Mission and History

Mission Statement

Music of Remembrance fills a unique role throughout the world by remembering the Holocaust through music. With concert performances, educational programs, recordings, and commissions of new works by some of today’s leading composers, MOR honors those of all backgrounds who found the strength to create even in the face of persecution, and those who had the courage to speak out against cruelty. We tell stories that communicate urgent moral lessons for today with a scope that extends beyond the Holocaust itself to the experience of others who have been excluded or persecuted for their faith, ethnicity, gender or sexuality.


Since its inaugural 1998-99 season, MOR has presented at least two mainstage concert programs each year at Seattle's Benaroya Hall. An annual fall concert marks the anniversary of Kristallnacht (The Night of Broken Glass), and a spring concert marks Holocaust Remembrance Day. These concerts combine music from the Holocaust era with contemporary works – many of them world premieres – by today’s leading composers. The programs balance serious classical works with music in popular cabaret and traditional folk styles. Over the years MOR has commissioned over thirty new works, ranging from instrumental chamber pieces, songs cycles, choral music, original choreography, musical dramas, and two fully-staged operas. MOR’s stellar ensembles, drawn largely from the ranks of Seattle Symphony, are joined by world-class guest artists. Since 2015, MOR has brought its programs to the Bay Area with an annual major concert in San Francisco.

Through its Sparks of Glory outreach initiative, MOR has brought free programs to community settings like the Frye Art Museum and Seattle Art Museum, and presentations and performances to students and educators at schools and colleges across the region. Since 2015, MOR has also presented a free community-wide concert at Benaroya Hall every January to mark International Holocaust Remembrance Day and the anniversary of the liberation of Auschwitz-Birkenau. MOR has reached people around the world with its seven CD recordings on the Naxos label. Its documentary The Boys of Terezín has inspired people at film and cultural festivals on four continents.

Music of Remembrance: A History of Firsts

  • MOR was a pioneer in its mission of musical witness, discovering and introducing beautiful and important works representing a precious legacy. Over our first twenty-two years, we’ve performed works over 150 works honoring Holocaust-era composers through their art, highlighting their courage to resist and create even in the face of unspeakable cruelty.
  • MOR’s commissioning program is the first and only one of its kind in the world. Beginning in 1999 with David Stock’s A Vanished World, we have commissioned and premiered over 30 new works by composers including Jake Heggie, Ryuichi Sakamoto, Lori Laitman, Tom Cipullo, Thomas Pasatieri, Paul Schoenfield, Gerard Schwarz, Betty Olivero, Christophe Chagnard and others.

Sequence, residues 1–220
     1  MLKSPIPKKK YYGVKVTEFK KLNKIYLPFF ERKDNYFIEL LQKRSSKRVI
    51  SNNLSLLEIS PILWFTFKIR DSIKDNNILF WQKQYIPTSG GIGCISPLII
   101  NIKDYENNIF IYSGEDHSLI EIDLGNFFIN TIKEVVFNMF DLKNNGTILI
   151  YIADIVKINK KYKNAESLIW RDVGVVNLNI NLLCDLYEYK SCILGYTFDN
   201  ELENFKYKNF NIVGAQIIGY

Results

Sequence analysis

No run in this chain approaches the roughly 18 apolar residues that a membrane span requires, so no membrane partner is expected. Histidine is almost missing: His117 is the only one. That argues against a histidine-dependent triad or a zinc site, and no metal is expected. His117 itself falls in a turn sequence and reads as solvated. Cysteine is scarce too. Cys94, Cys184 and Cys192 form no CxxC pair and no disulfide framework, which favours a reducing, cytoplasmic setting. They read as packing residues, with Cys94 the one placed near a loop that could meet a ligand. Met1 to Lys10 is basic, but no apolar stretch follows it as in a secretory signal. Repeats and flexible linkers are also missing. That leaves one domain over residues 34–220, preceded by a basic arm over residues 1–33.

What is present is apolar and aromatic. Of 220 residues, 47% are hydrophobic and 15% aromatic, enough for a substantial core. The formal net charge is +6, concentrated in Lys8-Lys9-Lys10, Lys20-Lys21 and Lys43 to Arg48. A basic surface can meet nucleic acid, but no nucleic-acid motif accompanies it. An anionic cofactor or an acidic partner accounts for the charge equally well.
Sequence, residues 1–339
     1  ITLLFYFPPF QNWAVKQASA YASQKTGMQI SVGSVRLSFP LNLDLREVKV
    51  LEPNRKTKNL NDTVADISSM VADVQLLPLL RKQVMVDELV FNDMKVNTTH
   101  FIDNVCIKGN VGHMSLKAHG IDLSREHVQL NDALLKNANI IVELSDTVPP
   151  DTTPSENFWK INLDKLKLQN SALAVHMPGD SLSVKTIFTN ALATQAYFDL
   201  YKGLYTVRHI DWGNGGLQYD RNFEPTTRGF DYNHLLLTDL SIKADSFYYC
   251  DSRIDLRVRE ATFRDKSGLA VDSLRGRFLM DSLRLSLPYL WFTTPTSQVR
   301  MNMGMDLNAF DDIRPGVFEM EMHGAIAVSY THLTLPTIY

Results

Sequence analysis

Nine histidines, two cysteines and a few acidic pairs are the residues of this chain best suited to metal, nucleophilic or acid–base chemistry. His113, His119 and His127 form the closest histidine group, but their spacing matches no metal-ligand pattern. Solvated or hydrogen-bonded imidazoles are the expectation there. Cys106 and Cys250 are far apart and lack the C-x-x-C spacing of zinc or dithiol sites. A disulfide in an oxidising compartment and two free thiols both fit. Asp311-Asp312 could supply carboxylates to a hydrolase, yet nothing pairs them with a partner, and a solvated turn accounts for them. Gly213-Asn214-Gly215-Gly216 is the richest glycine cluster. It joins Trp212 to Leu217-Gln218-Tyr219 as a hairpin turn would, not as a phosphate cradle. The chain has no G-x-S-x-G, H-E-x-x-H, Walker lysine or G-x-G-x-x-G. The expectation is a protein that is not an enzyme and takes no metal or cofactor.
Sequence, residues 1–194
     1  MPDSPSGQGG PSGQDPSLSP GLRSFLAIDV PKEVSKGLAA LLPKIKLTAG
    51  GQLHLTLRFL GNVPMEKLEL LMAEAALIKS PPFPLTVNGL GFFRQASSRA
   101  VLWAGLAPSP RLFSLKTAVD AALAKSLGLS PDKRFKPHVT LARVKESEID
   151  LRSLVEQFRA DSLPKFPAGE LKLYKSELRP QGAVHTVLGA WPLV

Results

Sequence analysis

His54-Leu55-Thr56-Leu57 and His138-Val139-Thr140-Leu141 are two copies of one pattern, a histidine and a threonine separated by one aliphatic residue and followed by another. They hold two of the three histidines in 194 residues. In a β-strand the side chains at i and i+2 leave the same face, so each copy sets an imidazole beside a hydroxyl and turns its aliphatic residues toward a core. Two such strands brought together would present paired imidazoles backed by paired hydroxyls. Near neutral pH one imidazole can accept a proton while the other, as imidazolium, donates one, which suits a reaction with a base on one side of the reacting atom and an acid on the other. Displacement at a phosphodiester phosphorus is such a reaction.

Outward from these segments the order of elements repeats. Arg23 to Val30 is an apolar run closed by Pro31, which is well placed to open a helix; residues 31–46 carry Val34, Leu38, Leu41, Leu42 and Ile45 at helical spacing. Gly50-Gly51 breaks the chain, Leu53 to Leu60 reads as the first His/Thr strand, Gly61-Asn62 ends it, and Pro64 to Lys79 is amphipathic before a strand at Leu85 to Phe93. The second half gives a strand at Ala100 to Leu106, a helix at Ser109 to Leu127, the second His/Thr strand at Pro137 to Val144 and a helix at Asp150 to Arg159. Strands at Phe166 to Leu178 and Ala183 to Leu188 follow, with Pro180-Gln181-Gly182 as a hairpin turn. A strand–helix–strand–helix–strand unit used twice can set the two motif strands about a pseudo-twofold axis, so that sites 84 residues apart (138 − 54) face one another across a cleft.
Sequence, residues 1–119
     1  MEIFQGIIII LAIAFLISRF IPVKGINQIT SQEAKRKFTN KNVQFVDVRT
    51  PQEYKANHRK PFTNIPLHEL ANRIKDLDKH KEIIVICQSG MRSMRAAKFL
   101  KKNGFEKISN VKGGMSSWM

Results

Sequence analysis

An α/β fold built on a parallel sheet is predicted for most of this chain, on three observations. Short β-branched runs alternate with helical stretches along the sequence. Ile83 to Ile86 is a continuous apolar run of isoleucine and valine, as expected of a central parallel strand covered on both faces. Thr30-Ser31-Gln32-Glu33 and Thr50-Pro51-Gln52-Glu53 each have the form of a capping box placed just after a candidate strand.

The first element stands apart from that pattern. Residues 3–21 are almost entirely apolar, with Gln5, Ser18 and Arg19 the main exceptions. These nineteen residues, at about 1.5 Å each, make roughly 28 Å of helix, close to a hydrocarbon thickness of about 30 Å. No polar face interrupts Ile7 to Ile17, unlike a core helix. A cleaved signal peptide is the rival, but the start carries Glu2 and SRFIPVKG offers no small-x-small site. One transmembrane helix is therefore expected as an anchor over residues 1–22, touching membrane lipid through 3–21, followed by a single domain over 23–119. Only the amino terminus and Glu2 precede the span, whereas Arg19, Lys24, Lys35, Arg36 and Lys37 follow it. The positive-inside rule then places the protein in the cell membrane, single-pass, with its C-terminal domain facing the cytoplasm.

• These varied commissions include chamber works, choral music, song cycles, musical dramas, fully-staged operas, film scores, and choreography.
  • In 2007, MOR introduced For a Look or a Touch by Jake Heggie and Gene Scheer, the first musical work ever to relate the Nazi persecution of homosexuals.
  • In 2006, MOR staged Hans Krása’s iconic children’s opera Brundibár, and produced the first recording of the opera with Tony Kushner’s new English libretto for our own times. (Opera News named the Naxos 2007 CD as one of the year’s ten best opera recordings.)
  • In 2010, MOR introduced Lori Laitman’s Vedem, the first musical work to tell the true story about a group of teenage boy prisoners and the secret magazine they created under the noses of their captors in Terezín.
  • Based on Vedem and the story it tells, MOR produced a documentary film, “The Boys of Terezín,” that has been viewed by audiences on four continents.
  • In 2015, MOR unveiled After Life, Tom Cipullo’s opera imagining a confrontation between the ghosts of Gertrude Stein and Pablo Picasso over the role of art and artists in troubled times. (The opera received the National Opera Association’s prestigious Domenick Argento Chamber Opera Award for best chamber opera.)
  • In 2017, MOR introduced Mary Kouyoumdjian’s to open myself, to scream, the first musical work to explore the fate of the Roma in Nazi-occupied Europe.
  • In 2018, MOR introduced Christophe Chagnard’s Gaman, telling of the wartime incarceration experience of Japanese Americans through the words and images of people who were there.
  • The new works commissioned by MOR have been performed around the world. Many of them have also been experienced by people everywhere on the eight CD recordings that MOR has produced for the Naxos label. MOR has also produced three documentary films and one opera DVD (Jake Heggie’s Out of Darkness.)
  • MOR is the first and only organization in the world with a young artist award established to support the education and careers of young musicians with an interest in music from and about the Holocaust, and music addressing questions of human rights and social justice today. The David Tonkonogui Memorial Award has nurtured major talents. Cellist Julian Schwarz has launched a prestigious solo career, Marié Rossano, the 2008 recipient, is now a member of the New York Philharmonic. Takumi Taguchi, who’s performing at this concert, received the award in 2013 at the age of 12, and now is studying at the prestigious Curtis Institute in Philadelphia.